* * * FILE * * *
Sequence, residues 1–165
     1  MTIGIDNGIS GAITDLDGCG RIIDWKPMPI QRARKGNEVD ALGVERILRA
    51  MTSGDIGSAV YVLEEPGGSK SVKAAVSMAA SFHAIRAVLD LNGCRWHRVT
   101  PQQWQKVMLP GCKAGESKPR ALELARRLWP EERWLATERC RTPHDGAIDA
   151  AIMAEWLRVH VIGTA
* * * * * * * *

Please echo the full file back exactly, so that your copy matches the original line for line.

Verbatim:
Sequence, residues 1–165
     1  MTIGIDNGIS GAITDLDGCG RIIDWKPMPI QRARKGNEVD ALGVERILRA
    51  MTSGDIGSAV YVLEEPGGSK SVKAAVSMAA SFHAIRAVLD LNGCRWHRVT
   101  PQQWQKVMLP GCKAGESKPR ALELARRLWP EERWLATERC RTPHDGAIDA
   151  AIMAEWLRVH VIGTA